In Linsley v Commissioners for Her Majesty’s Revenue and Customs (HMRC), Ms Linsley began working for HMRC in 2001. She suffers from ulcerative colitis. Her condition requires her to have easy access to toilets and is exacerbated by stress.
Occupational health had recommended she be provided with a dedicated parking space near one of the buildings, to allow her easy access to the toilet.
An important factor in this case was that HMRC has a policy of giving disabled staff priority when allocating parking spaces. This is recognised by HMRC as a reasonable adjustment.
Until 2015, Linsley had a dedicated parking space. In 2016, she moved to a new site and her request for a dedicated parking space was refused. Instead, HMRC provided her with an alternative, which it considered to be an equivalent.
The alternative adjustments offered consisted of a parking space near the toilets, if Linsley failed to get a space near the building (and toilets), on a first-come first-served basis. This would require her to first drive around and try and find a space (which caused her stress). She would also be required to sign paperwork with the office. Alternatively, she could park in an unauthorised zone, incurring a notional sanction, which HMRC would ensure was not applied to her. She would also have to later move the vehicle.
No consideration was given to the stress caused to Linsley as a result of not having a dedicated parking space and HMRC gave no explanation as to why it was not complying with its own parking policy.
In April 2017, Linsley brought a claim for disability discrimination, alleging a failure to make reasonable adjustments.
Employment tribunal’s decision
The tribunal considered that the alternative arrangements amounted to reasonable adjustments – HMRC had therefore discharged its legal obligation and there was no breach.
While the tribunal noted that HMRC had failed to abide by its own parking policy, it determined that because the policy was discretionary, it could not be depended upon.
The EAT allowed the appeal and remitted the case for the same tribunal to consider the reasonable adjustment issue.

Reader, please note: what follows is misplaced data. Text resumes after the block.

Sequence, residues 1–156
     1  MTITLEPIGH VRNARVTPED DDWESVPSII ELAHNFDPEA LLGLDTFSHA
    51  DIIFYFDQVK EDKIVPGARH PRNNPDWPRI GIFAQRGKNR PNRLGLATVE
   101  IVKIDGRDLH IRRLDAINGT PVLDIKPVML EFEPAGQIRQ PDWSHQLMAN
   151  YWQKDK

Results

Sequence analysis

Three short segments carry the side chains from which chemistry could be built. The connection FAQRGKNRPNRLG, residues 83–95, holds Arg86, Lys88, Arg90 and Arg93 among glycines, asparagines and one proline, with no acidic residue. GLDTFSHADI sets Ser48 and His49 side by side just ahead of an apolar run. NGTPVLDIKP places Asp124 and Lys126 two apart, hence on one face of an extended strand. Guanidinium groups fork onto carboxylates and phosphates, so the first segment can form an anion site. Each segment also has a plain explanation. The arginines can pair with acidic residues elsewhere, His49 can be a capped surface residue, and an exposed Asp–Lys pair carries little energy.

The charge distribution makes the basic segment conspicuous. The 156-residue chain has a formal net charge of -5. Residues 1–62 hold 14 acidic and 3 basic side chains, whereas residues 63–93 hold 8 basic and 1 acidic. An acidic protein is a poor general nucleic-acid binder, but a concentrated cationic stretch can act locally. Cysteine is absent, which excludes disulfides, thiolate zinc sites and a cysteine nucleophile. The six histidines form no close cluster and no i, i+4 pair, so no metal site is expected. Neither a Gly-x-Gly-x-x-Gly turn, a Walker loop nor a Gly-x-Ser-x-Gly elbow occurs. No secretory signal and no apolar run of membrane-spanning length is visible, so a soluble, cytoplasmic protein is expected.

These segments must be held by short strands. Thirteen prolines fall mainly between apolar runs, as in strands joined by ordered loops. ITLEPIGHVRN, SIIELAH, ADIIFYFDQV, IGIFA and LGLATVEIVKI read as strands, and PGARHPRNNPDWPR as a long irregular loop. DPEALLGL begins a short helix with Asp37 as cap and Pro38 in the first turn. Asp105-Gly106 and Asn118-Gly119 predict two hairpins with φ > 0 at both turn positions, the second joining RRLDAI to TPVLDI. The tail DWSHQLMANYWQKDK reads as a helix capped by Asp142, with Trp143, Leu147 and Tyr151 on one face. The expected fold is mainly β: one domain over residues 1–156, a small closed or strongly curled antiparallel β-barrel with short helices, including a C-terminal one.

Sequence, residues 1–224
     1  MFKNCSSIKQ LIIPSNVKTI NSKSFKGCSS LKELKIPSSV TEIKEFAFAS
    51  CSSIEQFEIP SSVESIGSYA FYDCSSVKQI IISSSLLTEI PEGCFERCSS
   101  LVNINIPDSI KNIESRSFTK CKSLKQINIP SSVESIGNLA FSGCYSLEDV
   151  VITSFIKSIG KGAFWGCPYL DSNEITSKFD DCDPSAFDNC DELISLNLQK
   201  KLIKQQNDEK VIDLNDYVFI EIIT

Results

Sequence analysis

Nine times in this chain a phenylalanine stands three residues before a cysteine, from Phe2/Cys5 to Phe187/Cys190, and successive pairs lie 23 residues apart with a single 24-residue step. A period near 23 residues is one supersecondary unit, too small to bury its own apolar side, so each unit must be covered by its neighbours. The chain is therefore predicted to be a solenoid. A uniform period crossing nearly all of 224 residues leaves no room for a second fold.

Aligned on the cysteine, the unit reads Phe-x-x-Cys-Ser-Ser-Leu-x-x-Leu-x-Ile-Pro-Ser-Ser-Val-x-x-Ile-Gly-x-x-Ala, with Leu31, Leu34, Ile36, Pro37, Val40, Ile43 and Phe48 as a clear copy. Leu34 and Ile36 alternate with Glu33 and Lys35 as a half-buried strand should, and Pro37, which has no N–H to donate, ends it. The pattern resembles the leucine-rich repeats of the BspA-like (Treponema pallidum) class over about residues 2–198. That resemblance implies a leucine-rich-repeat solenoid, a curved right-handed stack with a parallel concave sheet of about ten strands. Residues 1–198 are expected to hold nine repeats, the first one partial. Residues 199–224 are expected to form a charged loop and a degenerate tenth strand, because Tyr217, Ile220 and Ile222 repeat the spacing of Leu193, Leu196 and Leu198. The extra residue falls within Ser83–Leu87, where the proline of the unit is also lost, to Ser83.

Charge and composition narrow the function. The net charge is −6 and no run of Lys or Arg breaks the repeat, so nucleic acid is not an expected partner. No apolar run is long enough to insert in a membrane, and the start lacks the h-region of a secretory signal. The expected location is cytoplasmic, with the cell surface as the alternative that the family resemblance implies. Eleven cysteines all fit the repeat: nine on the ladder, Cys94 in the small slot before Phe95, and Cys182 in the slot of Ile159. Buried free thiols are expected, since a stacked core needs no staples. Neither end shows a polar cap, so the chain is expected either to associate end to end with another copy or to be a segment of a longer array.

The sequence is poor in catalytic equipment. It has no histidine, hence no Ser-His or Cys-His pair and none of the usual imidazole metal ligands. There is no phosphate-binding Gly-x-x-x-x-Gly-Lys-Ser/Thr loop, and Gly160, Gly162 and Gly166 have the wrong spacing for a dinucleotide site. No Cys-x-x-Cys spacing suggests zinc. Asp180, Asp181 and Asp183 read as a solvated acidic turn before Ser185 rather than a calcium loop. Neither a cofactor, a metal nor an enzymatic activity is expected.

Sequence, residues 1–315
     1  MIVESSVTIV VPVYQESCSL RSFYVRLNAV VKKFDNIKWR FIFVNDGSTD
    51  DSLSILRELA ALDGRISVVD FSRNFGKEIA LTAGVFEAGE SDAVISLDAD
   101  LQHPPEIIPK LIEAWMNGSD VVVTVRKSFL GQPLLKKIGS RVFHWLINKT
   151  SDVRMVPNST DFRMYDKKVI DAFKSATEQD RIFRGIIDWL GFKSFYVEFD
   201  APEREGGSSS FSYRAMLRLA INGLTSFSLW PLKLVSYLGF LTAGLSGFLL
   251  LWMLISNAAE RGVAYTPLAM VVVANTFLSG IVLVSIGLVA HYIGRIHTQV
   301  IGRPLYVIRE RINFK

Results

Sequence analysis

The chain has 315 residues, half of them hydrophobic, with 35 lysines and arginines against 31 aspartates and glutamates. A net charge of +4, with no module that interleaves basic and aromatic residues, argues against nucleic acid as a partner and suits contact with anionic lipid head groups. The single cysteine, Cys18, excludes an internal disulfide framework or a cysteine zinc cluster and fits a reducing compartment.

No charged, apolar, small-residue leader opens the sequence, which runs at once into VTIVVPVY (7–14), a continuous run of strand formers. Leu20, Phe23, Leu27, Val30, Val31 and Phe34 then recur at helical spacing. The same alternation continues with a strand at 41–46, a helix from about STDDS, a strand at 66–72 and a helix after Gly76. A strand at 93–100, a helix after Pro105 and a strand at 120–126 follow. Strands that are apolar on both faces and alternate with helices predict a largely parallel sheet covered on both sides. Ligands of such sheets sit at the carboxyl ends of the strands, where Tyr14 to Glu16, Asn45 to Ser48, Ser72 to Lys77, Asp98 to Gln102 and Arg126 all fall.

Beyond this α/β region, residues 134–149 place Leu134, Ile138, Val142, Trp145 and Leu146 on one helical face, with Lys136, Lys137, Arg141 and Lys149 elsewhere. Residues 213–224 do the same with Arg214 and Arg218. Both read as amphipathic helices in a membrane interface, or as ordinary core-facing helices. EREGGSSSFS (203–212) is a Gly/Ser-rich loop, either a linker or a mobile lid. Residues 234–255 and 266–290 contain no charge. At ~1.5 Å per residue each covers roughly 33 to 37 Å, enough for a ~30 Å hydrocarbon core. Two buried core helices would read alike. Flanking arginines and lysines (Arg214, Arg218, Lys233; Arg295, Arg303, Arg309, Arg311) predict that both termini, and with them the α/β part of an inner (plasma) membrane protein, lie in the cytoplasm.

The EAT held:
- The tribunal erred in the approach it took to HMRC’s parking policy. When assessing reasonableness, the employer ought to be able to provide a cogent reason for departing from its own policy. The only explanation provided by HMRC was that the manager had acted in ignorance of it.
- The EAT also decided that the tribunal had incorrectly diminished the policy's significance by referring to it as discretionary. A policy does not need to be contractual when determining the reasonableness of an adjustment.
- The tribunal further erred when assessing the reasonableness of the adjustment because it failed to focus on the particular disadvantage suffered by Ms Linsley. The EAT held that the stress caused to Ms Linsley was relevant in assessing the reasonableness of the steps taken by HMRC.
The duty to make reasonable adjustments is fraught with difficulty for employers. It is not always obvious when an employee’s condition amounts to a disability and therefore whether the duty is triggered. Also, employers are uncertain as how far they need to go to discharge the duty – the question of whether the adjustment is reasonable is judged objectively. The fact an employer has been sympathetic and believes the steps it has taken are reasonable is not necessarily sufficient.
When considering what adjustments to make, employers should consider:
- An employer is unlikely to be able to show that it discharged its duty to make reasonable adjustments if it failed to follow its own policies – regardless of whether the policy is contractual or discretionary.
- Where there is no written policy, employers should consider whether there is a custom or practice of making certain adjustments and also consider those.
- Where an employer departs from its policy or practice, it should be prepared to explain that adjustments were considered and if they were not made, give a persuasive reason why;
- A refusal to make adjustments should be set out in writing, as it will be important evidence. It should explain the employer’s thought process, that it considered the disadvantage faced by the employee, cite the medical, as well as other evidence that has been considered and state why the adjustment is not possible.
Employers should focus on the particular disadvantage suffered by the employee when assessing the reasonableness of the steps it is required to take. This will involve reviewing medical evidence, speaking to the employee to try and understand the disadvantage experienced, inviting her to put forward options for adjustments and considering the relevant medical evidence.
The employer should review matters comprehensively and not base its decision only on the most recent medical evidence. If necessary, obtain further medical evidence before making a decision.
Homa Wilson is a partner in the employment law team at Hodge Jones & Allen